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Mounts for a .416 wby.

Mounts for a .416 wby.
« on: August 04, 2012, 07:18:18 AM »
Hey guys, just looking for some pointers from you guys, my step father is retiring from work this year and he has booked his once in a lifetime dream hunt to africa for the ole Cape Buffalo and is taking his .416 wby mag. He asked me to set his rifle up for him and get it sighted in close for him and I was just wondering if QR mounts are a must have for dangerous game or if the standard leupold mounts are fine. He told me he doesnt want the QR mounts because he wants something that will absolutley not move! Ive never heard of anybody having trouble before but just wondering what you guys think? Also i recomended the 350 gn Barnes X for him to take, do you think they would be best or would you go with the ole rounded 400 gn? Ive just got a lot of faith in the Barnes from using them on several different game here, but I know dangerous game is a whole different thing.

eford

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Re: Mounts for a .416 wby.
« Reply #1 on: August 04, 2012, 07:28:27 AM »
A good friend has made two hunting trips to Africa and is 100% against the quick release mounts. He's getting ready for a third trip, via Australia / New Zeland for some hunting there, and he is taking a 375 Ruger with fixed rings/base. 

I think your father-in-law has the same concerns about a scope coming loose.  Dual dovetail rings or a solid base/ring with loc-tite on the threadsinto the receiver up might be a solution he likes.
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zonie

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Re: Mounts for a .416 wby.
« Reply #2 on: August 04, 2012, 10:27:56 AM »
The classic bullet for the 416 is 400 gr.  I'd use one of the better 400 grainers look at barnes 400-tsx if you handload or 350 tsx if you don't.

I really don't think any of the better mounts designed for these boomers will fail, but if it makes him feel better use a solid mount.   I don't like dovetails singles or doubles and heres why.  If you have to pull a scope in the field even in an emergency you have to have tools and it takes time.  Dovetails also put more strain on base mounting screws ,  Repeated taking on and off the scope wears them out not that a person would changes scopes that much to ever notice.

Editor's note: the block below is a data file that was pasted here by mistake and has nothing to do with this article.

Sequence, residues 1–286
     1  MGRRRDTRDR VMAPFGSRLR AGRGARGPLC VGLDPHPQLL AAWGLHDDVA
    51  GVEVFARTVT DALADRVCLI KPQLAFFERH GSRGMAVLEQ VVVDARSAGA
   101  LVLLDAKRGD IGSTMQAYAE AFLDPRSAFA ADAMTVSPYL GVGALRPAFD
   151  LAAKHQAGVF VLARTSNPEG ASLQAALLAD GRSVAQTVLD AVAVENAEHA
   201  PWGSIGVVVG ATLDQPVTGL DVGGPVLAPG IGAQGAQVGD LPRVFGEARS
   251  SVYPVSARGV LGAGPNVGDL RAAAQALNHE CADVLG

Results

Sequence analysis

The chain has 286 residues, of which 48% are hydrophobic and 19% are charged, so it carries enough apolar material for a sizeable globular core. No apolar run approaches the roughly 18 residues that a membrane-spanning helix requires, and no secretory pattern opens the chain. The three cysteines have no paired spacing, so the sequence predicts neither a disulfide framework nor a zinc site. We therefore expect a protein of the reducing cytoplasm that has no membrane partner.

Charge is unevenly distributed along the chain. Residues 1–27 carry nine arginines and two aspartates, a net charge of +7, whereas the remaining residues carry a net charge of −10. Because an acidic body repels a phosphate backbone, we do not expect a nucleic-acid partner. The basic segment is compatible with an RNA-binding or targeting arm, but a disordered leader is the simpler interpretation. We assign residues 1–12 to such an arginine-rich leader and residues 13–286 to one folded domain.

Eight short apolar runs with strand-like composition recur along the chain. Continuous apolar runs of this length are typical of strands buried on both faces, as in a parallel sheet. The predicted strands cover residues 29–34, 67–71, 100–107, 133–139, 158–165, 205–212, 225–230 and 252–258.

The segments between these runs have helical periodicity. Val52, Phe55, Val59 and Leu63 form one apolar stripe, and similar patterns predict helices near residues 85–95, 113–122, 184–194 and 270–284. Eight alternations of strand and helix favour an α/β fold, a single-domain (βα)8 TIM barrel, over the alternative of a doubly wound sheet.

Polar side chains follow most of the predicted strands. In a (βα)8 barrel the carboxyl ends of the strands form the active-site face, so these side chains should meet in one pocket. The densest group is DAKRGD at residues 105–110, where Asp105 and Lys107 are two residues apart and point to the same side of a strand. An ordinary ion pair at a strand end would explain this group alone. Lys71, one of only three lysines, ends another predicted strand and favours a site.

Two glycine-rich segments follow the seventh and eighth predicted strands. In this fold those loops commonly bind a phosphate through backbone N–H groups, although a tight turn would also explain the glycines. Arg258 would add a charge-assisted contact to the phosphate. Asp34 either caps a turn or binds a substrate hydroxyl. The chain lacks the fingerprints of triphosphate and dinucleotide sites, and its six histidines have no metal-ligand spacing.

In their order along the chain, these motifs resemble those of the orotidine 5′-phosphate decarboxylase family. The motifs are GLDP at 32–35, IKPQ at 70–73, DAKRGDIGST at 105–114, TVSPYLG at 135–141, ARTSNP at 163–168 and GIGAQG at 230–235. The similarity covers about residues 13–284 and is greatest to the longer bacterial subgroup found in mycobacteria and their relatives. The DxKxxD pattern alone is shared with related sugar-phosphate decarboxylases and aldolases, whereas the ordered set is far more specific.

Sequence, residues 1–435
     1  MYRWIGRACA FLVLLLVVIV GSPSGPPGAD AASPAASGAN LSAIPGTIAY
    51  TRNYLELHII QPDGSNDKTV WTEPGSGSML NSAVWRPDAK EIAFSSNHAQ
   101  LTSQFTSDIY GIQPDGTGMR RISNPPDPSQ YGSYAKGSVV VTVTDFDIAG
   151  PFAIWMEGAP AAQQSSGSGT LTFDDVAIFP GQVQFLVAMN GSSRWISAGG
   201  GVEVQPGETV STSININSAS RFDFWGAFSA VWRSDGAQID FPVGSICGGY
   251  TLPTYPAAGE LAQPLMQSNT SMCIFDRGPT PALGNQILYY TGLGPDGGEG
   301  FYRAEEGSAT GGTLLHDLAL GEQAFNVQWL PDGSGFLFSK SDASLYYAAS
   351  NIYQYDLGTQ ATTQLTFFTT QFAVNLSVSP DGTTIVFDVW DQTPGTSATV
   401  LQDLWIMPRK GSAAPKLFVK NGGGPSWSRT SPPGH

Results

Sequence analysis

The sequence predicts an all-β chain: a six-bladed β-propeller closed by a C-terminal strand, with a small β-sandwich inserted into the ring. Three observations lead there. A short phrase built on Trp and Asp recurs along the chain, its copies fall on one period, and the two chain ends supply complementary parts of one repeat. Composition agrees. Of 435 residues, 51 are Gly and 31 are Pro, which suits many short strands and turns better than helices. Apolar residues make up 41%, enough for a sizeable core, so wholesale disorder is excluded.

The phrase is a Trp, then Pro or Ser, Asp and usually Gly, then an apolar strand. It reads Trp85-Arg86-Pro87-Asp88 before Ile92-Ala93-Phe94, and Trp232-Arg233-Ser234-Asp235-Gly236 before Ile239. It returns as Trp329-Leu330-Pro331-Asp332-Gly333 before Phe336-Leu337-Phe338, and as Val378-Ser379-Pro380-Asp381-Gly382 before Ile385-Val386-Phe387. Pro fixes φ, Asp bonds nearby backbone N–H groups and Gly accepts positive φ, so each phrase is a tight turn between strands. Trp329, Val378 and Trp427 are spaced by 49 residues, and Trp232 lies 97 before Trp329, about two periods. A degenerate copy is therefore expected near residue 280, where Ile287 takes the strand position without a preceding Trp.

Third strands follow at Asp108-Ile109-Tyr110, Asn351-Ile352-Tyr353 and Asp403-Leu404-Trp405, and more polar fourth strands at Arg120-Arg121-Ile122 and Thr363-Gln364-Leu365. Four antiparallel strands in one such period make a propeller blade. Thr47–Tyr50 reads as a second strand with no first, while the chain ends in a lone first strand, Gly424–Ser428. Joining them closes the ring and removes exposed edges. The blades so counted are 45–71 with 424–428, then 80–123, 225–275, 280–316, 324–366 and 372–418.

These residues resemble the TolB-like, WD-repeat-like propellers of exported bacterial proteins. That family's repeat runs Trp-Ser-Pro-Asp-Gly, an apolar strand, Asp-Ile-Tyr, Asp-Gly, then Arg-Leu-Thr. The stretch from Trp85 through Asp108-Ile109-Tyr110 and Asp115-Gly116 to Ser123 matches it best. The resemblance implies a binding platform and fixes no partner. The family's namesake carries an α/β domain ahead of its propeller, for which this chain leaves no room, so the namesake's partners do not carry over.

If it were me I would buy a set of nutted tacticals with coin slots on a good steel double base.  Yes it has a nut,  but in a pinch I carry a little swiss army knife with pliers not exactly the best tool, and  some  tacticals have coin   also like the old large  thumb screw weavers.  What ever you buy don't buy cheap bases and rings from the  third world with soft steel.   Go out and shoot the crap out that rifle months before his trip and see if he can break anything on the rifle.




Re: Mounts for a .416 wby.
« Reply #3 on: August 04, 2012, 11:48:29 AM »
These would be by far the choice for me if i were going to top off a 416 Wby or anyother DGR and they have the Alpha Mount in a 3 ring configuration now with 2 rings up front and 1 in the rear! I think that the PH would rather see someone using the round nose solids but ya might check with them as the A Square Triad in a 400 Gr would probably work well also? 
http://a-squareco.com/Triad.html

http://www.nearmfg.com/products.htm
« Last Edit: August 04, 2012, 11:55:49 AM by NMARKANITE »
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zonie

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Re: Mounts for a .416 wby.
« Reply #4 on: August 04, 2012, 12:30:15 PM »
Near makes beautiful mounts,  pricy, and if they don't make a two piece mount with better access into the load-ejection receiver port  I'd have to pass on that one on a DG rifle with these large dia shells.

Re: Mounts for a .416 wby.
« Reply #5 on: August 04, 2012, 01:46:06 PM »

Ron the Alphamount if you look at it is machined for easy access to loading larger rounds in a bolt rifle!  This mount will work just fine on bigger rounds as it has the proper design to allow for this and the machining is done in a way that allows for it also! Richard at Near has done his homework I promise you! ;D This mount is not like a rail mount which does not allow for rapid loading which I really do not think one would have time to do anyway as you should not need to reload if your aim is where it should be to start with! Weatherby does not make a round that will not load with this mount!
« Last Edit: August 04, 2012, 03:57:11 PM by NMARKANITE »
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zonie

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Re: Mounts for a .416 wby.
« Reply #6 on: August 04, 2012, 04:26:53 PM »
Terry , good info.   I't's not what I would use, but I could see people using it. 

Re: Mounts for a .416 wby.
« Reply #7 on: August 04, 2012, 06:13:14 PM »
Ron this mount is expensive and I was fore warned that once you get 1 that it would be hard to keep from getting them for all the Weatherby rifles in the safe! Thank's Curt for the warning but my 338-378 will probably be wearing one in the NEAR future ;D I have yet to find a mount that could come anywhere near the quality of these mounts as I never cared for a ring mount style until I got 1 for my Lazermark 270 Wby! These really look nice on a quality rifle  :o